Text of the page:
It’s not surprising that as we enter December, we hear more about “Christmas” than “Advent.” Christmas is the celebration, the feasting, the gratification of desire. Advent involves something with candles that the pastor may mention a few times in December, a vague idea of talking about Christmas before it’s actually here. That’s a shame, because Advent, the build-up to Christmas, is the last bastion of ritual waiting in our culture.
Advent (which means “coming” in Latin) starts on the fourth Sunday before Christmas and is the beginning of the liturgical year. Google defines it as either “the arrival of a notable person, thing, or event,” the liturgical holiday”, or “the second coming of Christ”. All of these meanings are bound up in the observance of Advent, but there are more reasons to celebrate the holiday.
Advent reminds us of our own inadequacy
First of all, Advent, like Lent, promotes self-discipline and self-denial. So much of modern Western life is about possessing or acquiring satisfaction, while Advent slows time to focus on the waiting itself. It draws attention to the lack of possession, to the ticking of the clock, amid the madness of the Christmas rush to have. Therein, Advent reminds us of our own inadequacy and fallenness, and reminds us to slow down to meditate on the sustaining power of God. The Lord instructs us in Psalm 46:10 to “be still and know that I am God.” and in Psalm 27:14, “Wait for the Lord; be strong, and let your heart take courage; wait for the Lord!”
Advent defies the worship of efficiency
Paradoxically, while Advent is a study in discipline, it is also reckless and (that most accursed of words in our materialistic society) wasteful. Much of our lives is centered on using time efficiently. Every spare moment must serve a purpose. Even entertainment is shoved into the silent moments: While we exercise, we listen to music – while we work, the TV is on in the background. Hundreds of articles detail ways to multi-task our lives. Rest should, efficiently, only be taken when we are weary. That is its purpose. Advent – a time in which we wait for something to happen – tells us to be still even when we are not tired. What purpose could that serve? Perhaps it is to remind us to focus on something besides our own gratification. On the seventh day God rested, not because he was weary, but merely to rest and observe the fruit of his labors, the world itself.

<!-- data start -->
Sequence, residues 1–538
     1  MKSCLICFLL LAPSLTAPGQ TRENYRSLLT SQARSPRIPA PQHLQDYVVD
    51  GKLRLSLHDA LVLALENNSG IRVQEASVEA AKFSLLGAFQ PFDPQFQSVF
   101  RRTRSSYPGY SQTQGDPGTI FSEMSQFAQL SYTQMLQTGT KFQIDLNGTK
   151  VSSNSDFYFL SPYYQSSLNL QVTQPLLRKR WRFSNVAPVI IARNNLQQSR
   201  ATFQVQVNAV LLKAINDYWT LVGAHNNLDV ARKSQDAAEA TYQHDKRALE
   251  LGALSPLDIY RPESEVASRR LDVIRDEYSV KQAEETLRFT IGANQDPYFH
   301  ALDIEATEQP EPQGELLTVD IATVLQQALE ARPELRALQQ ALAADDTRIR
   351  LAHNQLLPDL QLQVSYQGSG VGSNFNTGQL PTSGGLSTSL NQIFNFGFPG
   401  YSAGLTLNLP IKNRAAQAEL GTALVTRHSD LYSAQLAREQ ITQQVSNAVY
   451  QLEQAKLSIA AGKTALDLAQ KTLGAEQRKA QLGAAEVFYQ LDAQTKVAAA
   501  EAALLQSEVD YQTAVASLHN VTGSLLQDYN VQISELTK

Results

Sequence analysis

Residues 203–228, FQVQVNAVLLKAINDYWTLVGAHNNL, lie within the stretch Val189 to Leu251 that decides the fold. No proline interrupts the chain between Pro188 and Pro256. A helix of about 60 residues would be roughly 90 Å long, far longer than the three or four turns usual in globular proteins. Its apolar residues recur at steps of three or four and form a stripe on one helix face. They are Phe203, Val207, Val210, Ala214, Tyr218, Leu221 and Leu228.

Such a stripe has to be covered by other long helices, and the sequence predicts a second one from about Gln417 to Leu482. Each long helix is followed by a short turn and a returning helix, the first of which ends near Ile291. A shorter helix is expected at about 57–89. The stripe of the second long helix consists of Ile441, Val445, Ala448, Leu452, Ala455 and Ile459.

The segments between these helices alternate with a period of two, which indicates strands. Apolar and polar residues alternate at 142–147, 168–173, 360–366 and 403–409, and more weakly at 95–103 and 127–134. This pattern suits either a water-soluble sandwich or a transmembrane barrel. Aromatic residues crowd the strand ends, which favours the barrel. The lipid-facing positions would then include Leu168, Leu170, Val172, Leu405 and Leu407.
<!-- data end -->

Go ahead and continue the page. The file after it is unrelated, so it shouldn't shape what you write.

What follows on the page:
Advent makes us battle our dissatisfaction
One of the most insidious consequences of the Fall is our dissatisfaction with God’s gifts. Advent invites us to slow and notice the largest, most obvious, least appreciated gift of all: our everyday surroundings. We are so used to constant distractions – the unending flood of work and entertainment – that when these things are absent, we have no way of coping with the boredom that results. To consciously slow down means we must actively work to be thankful: “And whatever you do, in word or deed, do everything in the name of the Lord Jesus, giving thanks to God the Father through him” (Col. 3:17).
Advent reminds us that we are still waiting
As Israel had to wait many years for her Messiah to arrive, so the Church is still waiting for Christ to come again and put our broken world to rights. The knowledge of this combines to form both a lament and a hope – the kingdom is here already, but not yet.
Advent helps us to be Christ-like
Christ himself spent 30 years on Earth before beginning his ministry. In that time, he memorized the scriptures and studied God’s word. An atheist friend once asked me why God had to literally enter the world and sacrifice himself – could he not have simply declared sins forgiven? Why the cross? There are several answers to that question, but the simplest is that God does not treat this world like a video game with cheat codes and data ready to be altered at the press of a button.
God considered it important to limit himself by waiting before the arrival of the promise.
So should we.